Managed Care Scam

I am a doctor. I wanted to share the below which was first published in an online publication of a physician community, Sermo.  It is a rather accurate assessment of what has been the reality of health care in our country.  Physicians are being squeezed out of existence.  There is the spectre of a 21% decrease in Medicare reimbursement.  Since the so called managed care plans use Medicare reimbursement as the bench mark for what they pay, all physician compensation will be cut.  As it is, Medicare does not pay enough to cover the expense of physicians seeing their patients.  Commercial insurance isn’t much better.  How much longer will you have a real physician?

Why is the financial scam of Managed Care not being exposed?

I cannot understand why the media and we docs are not exposing the financial scam of Managed Care. Readers need to google “Bill McGuire” the former CEO of United Health who was given a $1 Billion benefits package. Read the front page Wall Street Journal and New York Times Articles from December 7, 2007 highlight the $660 million fine McGuire had to pay for back dating stock options and the $800 million in stock options he had left over.

Do you recall when United Health held news conferences and was on all the networks a few years back?  United Health announced it was no longer going to require prior authorizations and then not so publicly instituted a policy of not guaranteeing payment. The standard Managed Care practice now is to deny 30% of physicians billings because Managed Care has calculated that Docs will simply not take the time to appeal as much as 1/3 of denials.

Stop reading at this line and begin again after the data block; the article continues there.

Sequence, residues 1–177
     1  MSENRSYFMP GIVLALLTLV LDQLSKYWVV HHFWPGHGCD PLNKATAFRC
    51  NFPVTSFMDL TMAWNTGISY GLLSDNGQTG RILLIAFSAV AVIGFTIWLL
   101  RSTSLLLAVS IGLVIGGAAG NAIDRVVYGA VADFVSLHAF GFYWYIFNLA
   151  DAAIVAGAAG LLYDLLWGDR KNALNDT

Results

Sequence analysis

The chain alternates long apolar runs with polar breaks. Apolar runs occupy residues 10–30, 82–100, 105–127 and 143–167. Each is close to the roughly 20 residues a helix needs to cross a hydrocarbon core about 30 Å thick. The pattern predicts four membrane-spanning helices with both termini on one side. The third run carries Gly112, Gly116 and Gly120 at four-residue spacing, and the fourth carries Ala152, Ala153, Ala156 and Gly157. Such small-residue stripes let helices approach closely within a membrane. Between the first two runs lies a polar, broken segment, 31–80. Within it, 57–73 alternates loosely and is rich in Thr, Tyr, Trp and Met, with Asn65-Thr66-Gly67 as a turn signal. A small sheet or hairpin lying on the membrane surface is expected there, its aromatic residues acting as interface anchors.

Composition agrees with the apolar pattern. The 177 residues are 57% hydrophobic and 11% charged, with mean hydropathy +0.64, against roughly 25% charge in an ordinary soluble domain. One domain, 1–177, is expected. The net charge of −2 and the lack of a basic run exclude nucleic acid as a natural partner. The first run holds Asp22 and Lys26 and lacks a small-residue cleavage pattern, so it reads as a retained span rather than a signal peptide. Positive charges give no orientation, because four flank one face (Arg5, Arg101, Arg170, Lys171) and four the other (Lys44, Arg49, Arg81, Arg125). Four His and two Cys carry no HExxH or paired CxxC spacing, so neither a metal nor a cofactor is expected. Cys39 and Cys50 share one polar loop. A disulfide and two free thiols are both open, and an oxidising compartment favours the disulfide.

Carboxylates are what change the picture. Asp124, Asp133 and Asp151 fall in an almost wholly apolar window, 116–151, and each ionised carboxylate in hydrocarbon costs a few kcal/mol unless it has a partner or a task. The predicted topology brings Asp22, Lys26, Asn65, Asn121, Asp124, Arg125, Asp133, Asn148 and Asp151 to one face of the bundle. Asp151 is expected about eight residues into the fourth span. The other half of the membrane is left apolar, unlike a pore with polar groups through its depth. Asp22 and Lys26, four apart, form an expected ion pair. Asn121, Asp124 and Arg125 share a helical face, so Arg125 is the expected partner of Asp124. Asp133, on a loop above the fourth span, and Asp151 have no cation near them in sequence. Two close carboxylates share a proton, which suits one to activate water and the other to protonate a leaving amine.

Do we not realize that we are paying an ever increasing “tax” in effect to Managed Care Executives?  Last year 3 of the largest Managed Care companies raised premiums 26 % while only increasing payments 6% for services. On average the highest paid CEO’s are Managed Care CEO’s. When the Catholic Nuns ran the largest health care system Sister Mary CEO did not get paid a salary. There is a calcualtion called dollars lost from actual provision of healthcare and supposedly Medicare loses $6 for every $100 and Managed Care loses nearly $30 for every $100 with most of this $30 going to Executive compensation. Additionally 6.9 % of healthcare dollars are lost to the time doctors spend on dealing with Managed Care authorization paper work.

Is anyone questioning how 80% of Americans are supposedly happy with their current health care? Since 20% of Americans do not even have health care coverage this means that there is 100% satisfaction of those who do have coverage. This makes no sense. Any of us who have a health plan have watched the increasing portion of our pay check going to managed care. My first employee health plan many years ago cost me nothing and had no copays. Gradually I have paid larger and larger portions of the premiums and the copays have escalated and the coverage shrank.

If Americans are happy it is because they do not look at their pay check and are not realizing the “tax” they are paying to Managed Care CEO’s. The flattening of incomes and the declining of purchasing power is directly related to the thievery of Managed Care. Doctors salaries have been stagnant by and large since 1992 yet we have allowed ourselves to be scapegoated in this process. If we do not disclose the evils of Managed care we are doomed.

Managed Care lobbyists are going to be succesful in maintaining their strangle-hold by getting a mandate for insurance and a mandate for more employer sponsored care. If Americans are happy it is because doctors are fighting the denials and doing all the authorizations and doing all the care free by phone and employers are doing all the leg work arranging the plans and American industrial production and workers are economically suffering as a result.